Comparison of agomelatine and selective serotonin reuptake inhibitors/serotonin-norepinephrine reuptake inhibitors in major depressive disorder: a meta-analysis of head-to-head randomized clinical trials

OBJECTIVE: Agomelatine is a new antidepressant with unique melatonin receptor type 1A (MTNR1A) and 1B ( MTNR1B) agonism and serotonergic receptor 5-hydroxytryptamine receptor 2C (5-HT-2C) antagonism. Several studies of patients with major depressive disorder (MDD) have confirmed the superior efficacy and safety of agomelatine in comparison with established treatments, such as selective serotonin reuptake inhibitors (SSRIs) or serotonin-norepinephrine reuptake inhibitors (SNRIs). This meta-analysis comprehensively shows the efficacy, acceptability, and safety of agomelatine in comparison with SSRIs and SNRIs used as antidepressants in MDD.

Database of Abstracts of Reviews of Effects (DARE): Quality-assessed Reviews [Internet] - Centre for Reviews and Dissemination (UK).

Version: 2014

Norepinephrine or dopamine for septic shock: systematic review of randomized clinical trials

The evidence showed superiority of norepinephrine over dopamine for in-hospital or 28-day mortality in critically ill populations with shock in which sepsis was the predominant etiology. With a small caveat regarding the borderline statistical significance of the findings, it appears that the authors' conclusion is reliable.

Database of Abstracts of Reviews of Effects (DARE): Quality-assessed Reviews [Internet] - Centre for Reviews and Dissemination (UK).

Version: 2012

Bupropion, mirtazapine, and reboxetine in the treatment of depression: Executive summary of final report A05-20C, Version 1.1

The aim of this research is to assess the benefit of treatment with bupropion, mirtazapine or reboxetine in treating the acute phase of depression, in maintenance therapy (relapse prevention), and in recurrence prevention compared to treatment with placebo each other treatment with other antidepressants in each case in adult patients with depression. The focus of the investigation was on patient-relevant outcomes.

Institute for Quality and Efficiency in Health Care: Executive Summaries [Internet] - Institute for Quality and Efficiency in Health Care (IQWiG).

Version: May 30, 2011

Meta-analysis of terlipressin in treatment of hepatorenal syndrome: an update

OBJECTIVE: To evaluate the efficacy, adverse effect and safety of terlipressin in the treatment of hepatorenal syndrome (HRS).

Database of Abstracts of Reviews of Effects (DARE): Quality-assessed Reviews [Internet] - Centre for Reviews and Dissemination (UK).

Version: 2009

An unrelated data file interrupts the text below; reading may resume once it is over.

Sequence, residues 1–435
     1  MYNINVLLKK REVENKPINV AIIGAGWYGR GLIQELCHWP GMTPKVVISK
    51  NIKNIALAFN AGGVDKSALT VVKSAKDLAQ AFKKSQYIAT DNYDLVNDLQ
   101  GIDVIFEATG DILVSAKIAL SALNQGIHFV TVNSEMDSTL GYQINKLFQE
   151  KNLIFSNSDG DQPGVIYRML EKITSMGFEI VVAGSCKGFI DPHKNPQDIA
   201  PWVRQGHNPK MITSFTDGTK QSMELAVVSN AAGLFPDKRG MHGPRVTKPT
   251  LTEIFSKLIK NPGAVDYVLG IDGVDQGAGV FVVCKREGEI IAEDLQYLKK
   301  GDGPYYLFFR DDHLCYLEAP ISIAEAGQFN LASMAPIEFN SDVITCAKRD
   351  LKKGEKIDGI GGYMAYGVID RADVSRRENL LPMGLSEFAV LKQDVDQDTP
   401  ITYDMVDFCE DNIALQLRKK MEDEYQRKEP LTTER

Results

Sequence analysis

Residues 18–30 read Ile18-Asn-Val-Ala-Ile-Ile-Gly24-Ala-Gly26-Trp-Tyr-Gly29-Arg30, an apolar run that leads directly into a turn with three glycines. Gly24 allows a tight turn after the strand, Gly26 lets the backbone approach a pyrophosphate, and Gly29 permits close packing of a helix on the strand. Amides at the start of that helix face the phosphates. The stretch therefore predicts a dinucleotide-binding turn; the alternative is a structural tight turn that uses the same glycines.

Quetiapine for bipolar depression: a systematic review and meta-analysis

Quetiapine has been proposed for depression in bipolar patients but a quantitative analysis is lacking. In the present paper, we review and meta-analyze available data about the short-term and long-term efficacy and tolerability of quetiapine for the depressive phase of bipolar disorder or bipolar depression. A literature research was carried out using three electronic databases. Studies providing measures of efficacy and tolerability of quetiapine, either as monotherapy or as augmentation, for bipolar depression were considered. Seven short-term studies and four maintenance studies were included. Short-term studies suggested that patients treated with quetiapine monotherapy were significantly more likely than patients treated with placebo and further active comparators to achieve higher response and remission rates as well as more clinical improvements at the endpoint. Such benefits were significant from the first weeks of treatment onward. Maintenance studies suggested that the combination of quetiapine and mood stabilizers was significantly better than placebo plus mood stabilizers for the prevention of both depressive and manic relapses. Quetiapine was generally well tolerated. Furthermore, several clinical variables moderated outcomes under investigation. In conclusion, quetiapine could have some advantages over traditional treatments for the treatment of bipolar depression.

Database of Abstracts of Reviews of Effects (DARE): Quality-assessed Reviews [Internet] - Centre for Reviews and Dissemination (UK).

Version: 2012

Drug Class Review: Neuropathic Pain: Final Update 1 Report [Internet]

We compared the effectiveness and harms of anticonvulsants, tricyclic antidepressants, serotonin–norepinephrine reuptake inhibitors (SNRIs), and the lidocaine patchin adults with neuropathic pain.

Drug Class Reviews - Oregon Health & Science University.

Version: June 2011
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Combination Therapy for Attention Deficit Hyperactivity Disorder: A Review of the Clinical Effectiveness [Internet]

The aim of this review is to summarize evidence of the clinical effectiveness of combination treatment with long-acting and short-acting stimulant medications to inform decisions around combination use of these drugs for attention deficit hyperactivity disorder (ADHD) in adults.

Rapid Response Report: Summary with Critical Appraisal - Canadian Agency for Drugs and Technologies in Health.

Version: February 23, 2016